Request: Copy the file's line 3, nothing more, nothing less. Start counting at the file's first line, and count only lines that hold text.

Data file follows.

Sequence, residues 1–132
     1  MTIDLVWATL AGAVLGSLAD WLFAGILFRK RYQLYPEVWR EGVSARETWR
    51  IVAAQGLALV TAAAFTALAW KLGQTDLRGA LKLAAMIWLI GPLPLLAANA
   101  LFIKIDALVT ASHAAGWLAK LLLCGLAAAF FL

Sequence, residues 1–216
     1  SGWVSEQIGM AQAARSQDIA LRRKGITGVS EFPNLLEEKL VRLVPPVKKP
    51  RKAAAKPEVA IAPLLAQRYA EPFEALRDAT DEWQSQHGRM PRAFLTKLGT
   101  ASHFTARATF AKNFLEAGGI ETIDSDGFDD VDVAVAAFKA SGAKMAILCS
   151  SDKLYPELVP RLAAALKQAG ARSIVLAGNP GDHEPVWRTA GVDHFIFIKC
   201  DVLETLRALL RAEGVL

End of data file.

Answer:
    51  IVAAQGLALV TAAAFTALAW KLGQTDLRGA LKLAAMIWLI GPLPLLAANA